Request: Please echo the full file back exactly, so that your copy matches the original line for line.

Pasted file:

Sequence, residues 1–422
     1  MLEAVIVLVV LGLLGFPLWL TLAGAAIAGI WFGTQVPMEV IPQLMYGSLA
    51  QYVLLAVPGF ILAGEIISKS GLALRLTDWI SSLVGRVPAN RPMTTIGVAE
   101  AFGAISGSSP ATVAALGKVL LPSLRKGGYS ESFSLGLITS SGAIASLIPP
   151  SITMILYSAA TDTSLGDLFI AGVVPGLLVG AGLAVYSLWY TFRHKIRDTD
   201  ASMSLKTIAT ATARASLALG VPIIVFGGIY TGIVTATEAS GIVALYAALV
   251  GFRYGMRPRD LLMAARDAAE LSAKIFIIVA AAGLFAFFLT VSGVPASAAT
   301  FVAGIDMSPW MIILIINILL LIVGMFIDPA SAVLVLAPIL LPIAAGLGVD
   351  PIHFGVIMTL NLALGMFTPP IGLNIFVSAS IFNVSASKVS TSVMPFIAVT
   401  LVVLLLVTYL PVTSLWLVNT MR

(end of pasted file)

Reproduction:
Sequence, residues 1–422
     1  MLEAVIVLVV LGLLGFPLWL TLAGAAIAGI WFGTQVPMEV IPQLMYGSLA
    51  QYVLLAVPGF ILAGEIISKS GLALRLTDWI SSLVGRVPAN RPMTTIGVAE
   101  AFGAISGSSP ATVAALGKVL LPSLRKGGYS ESFSLGLITS SGAIASLIPP
   151  SITMILYSAA TDTSLGDLFI AGVVPGLLVG AGLAVYSLWY TFRHKIRDTD
   201  ASMSLKTIAT ATARASLALG VPIIVFGGIY TGIVTATEAS GIVALYAALV
   251  GFRYGMRPRD LLMAARDAAE LSAKIFIIVA AAGLFAFFLT VSGVPASAAT
   301  FVAGIDMSPW MIILIINILL LIVGMFIDPA SAVLVLAPIL LPIAAGLGVD
   351  PIHFGVIMTL NLALGMFTPP IGLNIFVSAS IFNVSASKVS TSVMPFIAVT
   401  LVVLLLVTYL PVTSLWLVNT MR